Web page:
I couldn't quite believe I'd been so silly. So I made some myself. I have not bought garam masala since that day, because making it was easy, fun and meant that I could tweak it to include more of the spices I love the most. Making spice blends also has the benefit of making your house smell ridiculously yummy. Plus - look how much darker and richer my home made mix is compared to the months-old stuff that has been sitting in the supermarket.

My Garam Masala Blend

2 tsp fennel seeds
2 tsp coriander seeds
3 tsp cumin seeds
1 tsp caraway seeds
1 tsp fenugreek seeds
1 cinnamon stick
1 star anise
1/2 tsp cloves
1 tsp black peppercorns

To Make:
1. Combine all spices in a frypan and dry roast gently until fragrant and just toasted. Allow to cool slightly and then grind into a fine powder using a spice grinders, a mortar and pestle or a food processor which has a spice grinding attachment. Keep in sealed jars and use generously.

NOTE - If you don't have whole spices and don't want to go out and get them all, you can combine the same quantities of ground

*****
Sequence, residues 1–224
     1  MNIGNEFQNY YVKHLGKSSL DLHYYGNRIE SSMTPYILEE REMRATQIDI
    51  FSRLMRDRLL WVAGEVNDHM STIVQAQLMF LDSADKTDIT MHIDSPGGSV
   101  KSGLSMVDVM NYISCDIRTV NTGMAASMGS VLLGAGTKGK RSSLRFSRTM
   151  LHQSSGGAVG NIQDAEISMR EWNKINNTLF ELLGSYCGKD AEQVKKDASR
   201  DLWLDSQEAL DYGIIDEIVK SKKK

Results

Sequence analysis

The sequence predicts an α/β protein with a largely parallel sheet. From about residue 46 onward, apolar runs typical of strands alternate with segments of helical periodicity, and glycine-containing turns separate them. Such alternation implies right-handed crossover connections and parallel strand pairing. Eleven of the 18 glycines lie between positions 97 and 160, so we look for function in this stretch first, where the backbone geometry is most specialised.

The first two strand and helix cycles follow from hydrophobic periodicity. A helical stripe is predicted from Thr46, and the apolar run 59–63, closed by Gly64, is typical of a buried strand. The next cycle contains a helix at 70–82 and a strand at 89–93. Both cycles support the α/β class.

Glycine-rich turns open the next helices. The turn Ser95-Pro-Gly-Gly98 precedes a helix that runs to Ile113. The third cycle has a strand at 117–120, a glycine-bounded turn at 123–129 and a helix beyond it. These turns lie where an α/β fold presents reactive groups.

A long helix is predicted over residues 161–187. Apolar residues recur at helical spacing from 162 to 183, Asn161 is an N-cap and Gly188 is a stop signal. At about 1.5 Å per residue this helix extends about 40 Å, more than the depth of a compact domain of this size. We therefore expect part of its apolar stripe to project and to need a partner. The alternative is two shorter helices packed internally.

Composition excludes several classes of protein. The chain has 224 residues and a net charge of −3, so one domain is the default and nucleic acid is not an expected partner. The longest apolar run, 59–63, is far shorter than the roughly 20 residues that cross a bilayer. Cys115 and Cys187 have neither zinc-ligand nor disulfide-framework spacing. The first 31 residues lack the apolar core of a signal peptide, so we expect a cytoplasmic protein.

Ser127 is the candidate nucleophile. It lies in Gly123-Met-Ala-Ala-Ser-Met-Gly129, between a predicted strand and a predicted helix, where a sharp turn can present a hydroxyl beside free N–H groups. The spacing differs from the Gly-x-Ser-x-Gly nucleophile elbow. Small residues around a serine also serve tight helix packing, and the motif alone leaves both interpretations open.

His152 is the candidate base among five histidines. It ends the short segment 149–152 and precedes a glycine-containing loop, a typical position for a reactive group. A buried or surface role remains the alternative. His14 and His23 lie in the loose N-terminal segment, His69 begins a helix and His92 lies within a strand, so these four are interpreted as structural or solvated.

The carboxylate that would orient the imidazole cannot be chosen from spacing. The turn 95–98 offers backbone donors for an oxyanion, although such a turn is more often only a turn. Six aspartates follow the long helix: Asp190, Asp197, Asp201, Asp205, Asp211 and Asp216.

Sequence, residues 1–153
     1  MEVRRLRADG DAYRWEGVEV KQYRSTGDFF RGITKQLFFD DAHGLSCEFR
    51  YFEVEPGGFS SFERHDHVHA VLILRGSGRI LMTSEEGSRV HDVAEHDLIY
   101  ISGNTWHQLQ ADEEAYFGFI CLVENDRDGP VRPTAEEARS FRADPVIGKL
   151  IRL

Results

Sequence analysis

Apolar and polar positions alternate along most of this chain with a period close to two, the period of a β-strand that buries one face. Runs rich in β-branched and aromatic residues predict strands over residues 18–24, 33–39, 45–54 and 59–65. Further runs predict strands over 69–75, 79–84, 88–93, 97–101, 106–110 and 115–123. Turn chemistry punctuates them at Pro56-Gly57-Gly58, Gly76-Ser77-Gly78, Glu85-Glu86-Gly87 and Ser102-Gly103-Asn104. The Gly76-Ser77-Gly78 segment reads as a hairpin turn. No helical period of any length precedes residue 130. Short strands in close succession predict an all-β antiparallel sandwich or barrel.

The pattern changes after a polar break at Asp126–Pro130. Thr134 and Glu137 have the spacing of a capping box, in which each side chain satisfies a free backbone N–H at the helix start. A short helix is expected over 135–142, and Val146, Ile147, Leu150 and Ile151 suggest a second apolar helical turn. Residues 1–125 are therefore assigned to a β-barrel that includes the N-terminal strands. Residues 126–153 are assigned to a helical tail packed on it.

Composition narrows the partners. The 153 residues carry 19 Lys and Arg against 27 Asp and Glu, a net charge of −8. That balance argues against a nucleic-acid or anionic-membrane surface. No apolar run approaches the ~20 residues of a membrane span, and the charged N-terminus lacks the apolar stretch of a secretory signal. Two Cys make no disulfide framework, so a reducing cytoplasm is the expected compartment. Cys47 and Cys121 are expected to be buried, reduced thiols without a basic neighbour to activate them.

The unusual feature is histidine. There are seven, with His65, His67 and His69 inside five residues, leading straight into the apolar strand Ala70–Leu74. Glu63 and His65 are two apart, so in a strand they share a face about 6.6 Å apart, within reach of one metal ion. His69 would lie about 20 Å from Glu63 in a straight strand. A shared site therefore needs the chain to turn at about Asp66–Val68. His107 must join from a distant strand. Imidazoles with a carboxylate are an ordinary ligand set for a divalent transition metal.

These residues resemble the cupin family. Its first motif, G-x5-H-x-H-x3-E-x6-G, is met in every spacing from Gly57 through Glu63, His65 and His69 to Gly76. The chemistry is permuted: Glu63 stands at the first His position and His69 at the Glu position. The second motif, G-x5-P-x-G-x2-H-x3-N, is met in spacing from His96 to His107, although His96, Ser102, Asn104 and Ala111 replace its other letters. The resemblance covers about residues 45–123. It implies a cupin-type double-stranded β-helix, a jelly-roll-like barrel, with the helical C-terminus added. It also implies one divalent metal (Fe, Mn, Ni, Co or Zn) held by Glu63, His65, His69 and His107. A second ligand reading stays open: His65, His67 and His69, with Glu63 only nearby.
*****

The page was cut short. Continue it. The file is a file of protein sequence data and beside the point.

spices in a jar and use that. However, roasting them yourself before grinding really adds richness and brings out the flavours, so it's definitely preferable.

Friday, 3 April 2015

African Kachumbari (Chadian Tomato & Onion Salad)

Kachumbari is a common salad eaten in various African countries including Rwanda, Kenya, Tanzania, Uganda, Malawi, Congo and Chad. As part Chad Month (which was all the way back in February 2012!) I made this lovely fresh African salad (for other recipes see the links at the bottom of this post - but excuse the photos, it was right when the blog first started). I've remade it now because I really felt like eating it again, and because I thought it deserved some better photos! This time I've used a combination of red and yellow small roma tomatoes, because it just looks so pretty and these lovely yellow roma tomatoes are at my local supermarket at the moment. You can make it with a mixture of any heirloom tomatoes, cherry tomatoes or just regular tomatoes (which would be most authentic). Given that tomatoes are the hero of the dish though, I'd encourage tasty vine-ripened ones, as if you buy tomatoes which taste like nothing then your salad won't taste like much!